Muzmatch vows to fight legal action by Tinder owners

Muzmatch vows to fight legal action by Tinder owners
2 min read
08 January, 2022
Taking to Twitter on Thursday, Muzmatch founder Shahzad Younas vowed to fight the legal action and reaffirmed his commitment to the brand.
Match group has accused Muzmatch of attempting to mimic dating app Tinder [Getty]

Muslim dating app Muzmatch has released a defiant statement saying it will fight an upcoming case in which the Match Group - the firm behind dating apps Tinder, Hinge and OKCupid - has accused it of trademark infringement.

The US-based Match Group says that Muzmatch, which was founded in 2011 and now has millions of users worldwide, has “attempt[ed] to ride on the coat-tail” of its registered trademarks through the use of the word “match” in its metadata to boost its traffic.

The hearing will take place later in January at the UK Intellectual Property and Enterprise Court (IPEC) in London.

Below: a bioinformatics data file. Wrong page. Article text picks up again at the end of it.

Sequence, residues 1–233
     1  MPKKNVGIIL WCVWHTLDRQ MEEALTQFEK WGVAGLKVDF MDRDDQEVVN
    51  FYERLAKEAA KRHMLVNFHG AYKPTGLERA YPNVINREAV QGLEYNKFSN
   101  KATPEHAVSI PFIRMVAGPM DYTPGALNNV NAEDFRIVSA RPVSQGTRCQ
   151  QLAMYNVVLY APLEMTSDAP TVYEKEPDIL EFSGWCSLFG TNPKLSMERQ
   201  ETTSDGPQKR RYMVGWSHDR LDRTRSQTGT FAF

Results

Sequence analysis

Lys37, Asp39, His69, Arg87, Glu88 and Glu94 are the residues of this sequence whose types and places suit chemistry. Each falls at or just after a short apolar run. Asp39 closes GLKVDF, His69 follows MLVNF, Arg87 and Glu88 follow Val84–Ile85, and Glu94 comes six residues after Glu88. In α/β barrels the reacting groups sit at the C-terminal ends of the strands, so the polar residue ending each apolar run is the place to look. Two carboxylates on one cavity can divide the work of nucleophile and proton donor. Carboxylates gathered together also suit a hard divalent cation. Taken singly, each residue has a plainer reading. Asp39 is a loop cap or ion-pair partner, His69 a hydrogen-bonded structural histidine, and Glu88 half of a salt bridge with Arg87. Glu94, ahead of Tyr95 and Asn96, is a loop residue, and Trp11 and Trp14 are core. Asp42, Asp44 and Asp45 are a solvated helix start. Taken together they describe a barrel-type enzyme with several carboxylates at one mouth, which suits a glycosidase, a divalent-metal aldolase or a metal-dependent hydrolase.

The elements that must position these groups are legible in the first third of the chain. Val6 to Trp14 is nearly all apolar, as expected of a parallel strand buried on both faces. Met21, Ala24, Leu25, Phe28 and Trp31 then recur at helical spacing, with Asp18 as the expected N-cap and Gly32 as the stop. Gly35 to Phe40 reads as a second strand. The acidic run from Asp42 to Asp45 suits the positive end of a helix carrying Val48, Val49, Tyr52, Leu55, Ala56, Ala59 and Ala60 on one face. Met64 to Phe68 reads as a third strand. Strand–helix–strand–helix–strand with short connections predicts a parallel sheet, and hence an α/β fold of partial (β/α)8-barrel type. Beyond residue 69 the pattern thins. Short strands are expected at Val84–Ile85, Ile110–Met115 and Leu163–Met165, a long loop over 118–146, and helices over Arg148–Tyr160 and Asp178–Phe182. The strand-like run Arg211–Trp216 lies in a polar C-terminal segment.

Taking to Twitter on Thursday, Muzmatch founder Shahzad Younas vowed to fight the legal action and reaffirmed his commitment to the brand.

“If we lose? We will be forced to change our brand name, and the name muzmatch will die. We will likely have to pay material damages. We fight, because we must. It is crucial that products built for our community are built BY our community, and that we do not allow ourselves to be dictated and controlled by others. Our mission is to transform how Muslims meet and marry,” Younas wrote.

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Match Group’s legal action comes years after a series of failed bids to take over Muzmatch. The dating app giant initiated the attempts in 2017, with a final offer of $35m being refused by Younas in 2018.

In a court filing, Match says “Muzmatch sought to mimic the Tinder app’s functionality, trade off of Match’s name, brand and general look and feel, meet user expectations that Match created, and build a business entirely on a Tinder-clone, distinguished only by Muzmatch’s Muslim cultural-specific marketing strategy.”

Muzmatch has denied the accusations and said that Match does not have a monopoly over the word ‘match’.

The lawsuit is not the first taken out by Match Group against rival dating platforms. In 2018, Match sued popular dating app Bumble, resulting in a counter claim from the competitor.

The two firms reached an agreement to end litigation in June 2020, however did not disclose details of the settlement.